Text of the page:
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Bull Market Starts in China Small Caps: Stock Picker

Investors can get exposure to the Chinese economy with fast growing, small-cap companies with strong balance sheets such as China Metal Recycle and Sinoref Holdings, Brook Mcconnell, president of South Ocean Management, told CNBC.

Shanghai
Photo by: Cory Doctorow
Shanghai

"In the (Chinese) smaller-cap sector we think we’re in the beginning of a multi-year bull market," Mcconnell said.

There are several companies in the steel industry that are very interesting and offer investors a way in to the Chinese market, according to Mcconnell.

China Metal Recycle is one such small-cap, owned by Mcconnell. The company specializes in recycling scrap metal such as used automobiles, which is an industry of growing importance, he said.

Mcconnell points out that the company's first-half 2010 revenue grew 228 percent, while net profit grew 215 percent. China Metal Recycle also has practically no debt and is expanding rapidly, he said.

Sinoref Holdings, a supplier of steel flow control components to steel makers in China, is also on Mcconnell's buy list. The company is newly listed in Hong Kong, he said.

One of South Ocean Management's key holdings is Chaoda Modern Agriculture, which specializes in vegetable production, he said.

"It is growing faster than 20 percent, with 25-30 percent annual compound growth rates, top and bottom line, since its public offering in 2001," Mcconnell said in an email to CNBC.

"Agriculture to me is a huge beneficiary of all the policies in the rural area that the state council is going after," he said.

More China Stock Picks

MY Medicare is one of the few medical companies selling diagnostic cancer testing in China that owns the intellectual property rights, according to Mcconnell. The company's stock is currently depressed due to a one-off, hit to last year's earnings, he said.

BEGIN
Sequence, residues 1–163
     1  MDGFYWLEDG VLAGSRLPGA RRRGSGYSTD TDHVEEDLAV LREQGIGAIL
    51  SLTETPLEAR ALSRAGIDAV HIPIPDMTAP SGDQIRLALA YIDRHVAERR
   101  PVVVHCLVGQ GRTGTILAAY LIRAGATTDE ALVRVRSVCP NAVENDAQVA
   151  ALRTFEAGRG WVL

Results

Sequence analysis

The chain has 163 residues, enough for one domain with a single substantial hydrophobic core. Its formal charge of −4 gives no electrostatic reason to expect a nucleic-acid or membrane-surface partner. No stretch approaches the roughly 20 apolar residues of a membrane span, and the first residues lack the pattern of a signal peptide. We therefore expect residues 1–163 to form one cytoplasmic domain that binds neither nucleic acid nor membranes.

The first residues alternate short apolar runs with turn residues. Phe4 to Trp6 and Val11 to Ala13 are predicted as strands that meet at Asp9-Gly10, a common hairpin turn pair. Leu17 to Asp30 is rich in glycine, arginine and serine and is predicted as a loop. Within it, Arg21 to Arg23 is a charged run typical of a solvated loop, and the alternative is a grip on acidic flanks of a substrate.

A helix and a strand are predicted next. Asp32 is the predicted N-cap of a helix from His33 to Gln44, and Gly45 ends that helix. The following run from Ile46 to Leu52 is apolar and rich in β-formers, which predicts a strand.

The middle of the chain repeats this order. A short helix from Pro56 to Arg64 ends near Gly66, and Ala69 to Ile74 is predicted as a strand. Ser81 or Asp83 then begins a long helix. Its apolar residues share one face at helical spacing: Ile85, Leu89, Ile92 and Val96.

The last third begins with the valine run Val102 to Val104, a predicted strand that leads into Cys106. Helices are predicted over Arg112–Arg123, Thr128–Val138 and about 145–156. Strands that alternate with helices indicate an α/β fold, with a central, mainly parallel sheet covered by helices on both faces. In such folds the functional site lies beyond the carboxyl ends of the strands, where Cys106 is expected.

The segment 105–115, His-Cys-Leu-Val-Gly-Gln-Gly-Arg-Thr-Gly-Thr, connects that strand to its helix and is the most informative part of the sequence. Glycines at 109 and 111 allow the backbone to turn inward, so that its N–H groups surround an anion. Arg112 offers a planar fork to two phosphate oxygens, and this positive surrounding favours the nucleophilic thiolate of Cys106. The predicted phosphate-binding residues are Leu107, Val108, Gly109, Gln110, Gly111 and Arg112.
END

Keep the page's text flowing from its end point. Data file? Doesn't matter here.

In the consumer sector, Mcconnell owns shares of Oriental Watch, which he thinks offers exposure to the growing consumer market in China.

"There's plenty of purchase power, the Chinese want luxury items," he said.

In the alternative energy sector, Mcconnell is positive on solar-panel and wind-turbine manufacturers in China. He said that if the current level of commitment from the Chinese government toward the sector remains, it will allow the sector to grow strongly.

However, stocks in the sector are currently too high since there is still a question mark over whether government support will remain as strong, he said.

Min Li, head of alternative energy at Yuanta Securities, warned that China's alternative energy plays have already seen an upswing, but said there could still be opportunities.

Even though there may be good growth opportunities in lesser-known Chinese stocks, investors are liable to pay brokerage fees and stamp duties, Mcconnell told CNBC.com. Different U.S. brokerages have different policies on buying Chinese stocks, he said.

Interactive Brokers charges 50 Hong Kong dollars for trading 1,000 shares at 50 Hong Kong dollars per share. That includes exchange and clearing fees, as well as the government stamp duty. Investors would have to take into account the additional cost when calculating profit or loss on any Chinese shares.

Disclosure:

- South Ocean Management and Brook Mcconnell own shares in: China Metal Recycle (0773.hk); Sinoref Holdings (1020.hk); MY Medicare (0233.hk); Chaoda Modern Agriculture (0682.hk) and Oriental Watch.

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